Campus News

UB teams advance to ErieHack finals

participants write down their ideas on post-it notes at the Buffalo ErieHack ideation session held in February.

Participants at the initial Buffalo ErieHack ideation session held in February write down on Post-it notes their ideas about issues affecting the future of Lake Erie. Photo: Douglas Levere


Published May 2, 2017

“The objective of the competition is to inspire students to create innovative solutions that solve Lake Erie’s greatest issues, such as harmful nutrient loading and reducing urban pollution.”
Isabel Hall, UB student coordinator

Two UB student teams have advanced to the finals of ErieHack, a tech-based, Lake Erie-themed competition that will award $100,000 in prizes when winners are announced May 3.

The UB student teams are WaterWatcher and ExtremeComms Lab. A third Buffalo team, called Orbitist and headed by a SUNY Fredonia State graduate, also advanced. The three teams will pitch their ideas May 3 at the ErieHack finals in Cleveland. The event coincides with a two-day water innovation summit.

The Buffalo teams will compete against seven other finalists from Cleveland, Detroit, Erie, Toledo and Windsor. A panel of experts will select the $50,000 grand-prize winner and three additional winners who will receive prizes ranging from $25,000 to $6,500.

The ErieHack finals will take place on day two of the water innovation summit. Each team will present its final software, applications and/or engineered solutions to “hack” Lake Erie.

“The objective of the competition is to inspire students to create innovative solutions that solve Lake Erie’s greatest issues, such as harmful nutrient loading and reducing urban pollution,” says Isabel Hall, a sophomore environmental engineering major who has served as student coordinator for UB’s involvement with the competition.

“I think the most important thing about ErieHack, and perhaps my favorite, is that the competition is intended to attract a diverse group of ‘hackers’ — engineering students, app developers, water experts, communications students, business students, you name it,” says Hall, who will attend the finals.

Regional competitions were held in each participating city in early April. The semifinals were held April 13 in Detroit.

Representing Buffalo at the ErieHack finals are Extreme Comms Lab, WaterWatcher and Orbitist. Hall says she’s looking forward to seeing how the Buffalo teams fare in the finals. “Each team has had awesome, creative ideas that I hope to see develop and implemented, regardless of how they place in the final. The ideas that have been generated from this competition really show participants, and the surrounding community, that technology can be an excellent solution to bring prosperity to Lake Erie,” she says.

Here are brief descriptions of each project.

Extreme Comms Lab

Almost 95 percent of the underwater world still remains unexplored. Limited transmission speeds and lack of underwater mobility hamper accurate scientific modeling of the range of biological, chemical and physical phenomena that occur in environments like Lake Erie.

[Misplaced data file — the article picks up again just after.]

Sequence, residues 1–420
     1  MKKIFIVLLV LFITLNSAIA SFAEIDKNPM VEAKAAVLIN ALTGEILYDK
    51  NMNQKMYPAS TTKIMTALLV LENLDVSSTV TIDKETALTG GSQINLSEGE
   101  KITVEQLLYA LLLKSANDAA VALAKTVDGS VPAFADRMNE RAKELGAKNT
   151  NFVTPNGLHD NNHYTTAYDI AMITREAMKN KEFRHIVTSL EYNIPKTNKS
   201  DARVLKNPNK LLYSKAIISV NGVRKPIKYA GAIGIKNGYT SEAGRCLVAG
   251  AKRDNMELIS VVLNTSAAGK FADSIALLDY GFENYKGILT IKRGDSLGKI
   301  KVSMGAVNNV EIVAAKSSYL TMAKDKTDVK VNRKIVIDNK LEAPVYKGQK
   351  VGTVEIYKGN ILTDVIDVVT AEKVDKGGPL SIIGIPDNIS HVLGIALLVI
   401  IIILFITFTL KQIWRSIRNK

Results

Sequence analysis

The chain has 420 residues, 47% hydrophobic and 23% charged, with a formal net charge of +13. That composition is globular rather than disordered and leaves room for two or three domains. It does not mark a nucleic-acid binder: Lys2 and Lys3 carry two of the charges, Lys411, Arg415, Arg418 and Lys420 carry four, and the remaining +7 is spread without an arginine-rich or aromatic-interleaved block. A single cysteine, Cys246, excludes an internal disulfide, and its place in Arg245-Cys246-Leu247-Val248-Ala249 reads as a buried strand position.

Extreme Comms Lab is working to leverage an innovative method of acoustic communication to create a network of aquatic sensors that can quickly transmit information long distances under water. This communications method can interface with a broad range of sensors and enables autonomous cooperation between units.

The project’s team members expect Extreme Comms Lab to yield wide commercial and societal impact in the form of early-warning pollution detection, real-time water-quality monitoring and measurement/tracking of urban pollution.

Team members include George Sklivanitis, Konstantinos Tountas, Nan Zhang, Sarankumar Balakrishnan and Song-Wen Huang.


WaterWatcher is an SMS-based service that bridges the digital divide by empowering vulnerable communities to check the safety of their water, report problems to the authorities and request water testing without need for smartphones, Internet access or data plans.

The text message-based approach not only saves costs, but also avoids the growing trend of app fatigue. Water utility companies can use WaterWatcher to transform their service by allowing customers to track their usage and even be notified about possible leaks. With integration opportunities for apps like Facebook Messenger and a capacity to easily scale both up and down cost-efficiently, WaterWatcher delivers the most flexible and effective water communication solution for any community.

Team members are Michael Brown and Morgan Sansbury.


Orbitist creator and SUNY Fredonia graduate Nicholas Gunner believes the biggest issue surrounding water today is a lack of effective environmental communication. By reaching the source of water problems (human beings), all other water-related issues will be mitigated in time.

Orbitist addresses this root cause by using a streamlined method for water communication that integrates video production, data visualization and a flexible crowd sourcing data application to tell the story of water. Their ultimate goal is to blend citizen science with pre-existing hobbies like kayaking, fishing and hiking, adding new layers of meaning to these activities and engaging new audiences in the process.

ErieHack is a program of the Cleveland Water Alliance. Local support has been provided by UB Sustainability and the Blackstone LaunchPad program at UB, along with the Community Foundation for Greater Buffalo.